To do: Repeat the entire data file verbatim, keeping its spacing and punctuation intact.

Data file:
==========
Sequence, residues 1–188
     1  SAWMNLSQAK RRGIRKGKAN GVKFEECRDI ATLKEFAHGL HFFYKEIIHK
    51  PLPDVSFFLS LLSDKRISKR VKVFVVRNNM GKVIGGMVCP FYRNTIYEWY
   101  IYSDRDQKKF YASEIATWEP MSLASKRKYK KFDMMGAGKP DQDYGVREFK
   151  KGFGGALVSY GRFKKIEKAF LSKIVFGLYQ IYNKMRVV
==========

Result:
Sequence, residues 1–188
     1  SAWMNLSQAK RRGIRKGKAN GVKFEECRDI ATLKEFAHGL HFFYKEIIHK
    51  PLPDVSFFLS LLSDKRISKR VKVFVVRNNM GKVIGGMVCP FYRNTIYEWY
   101  IYSDRDQKKF YASEIATWEP MSLASKRKYK KFDMMGAGKP DQDYGVREFK
   151  KGFGGALVSY GRFKKIEKAF LSKIVFGLYQ IYNKMRVV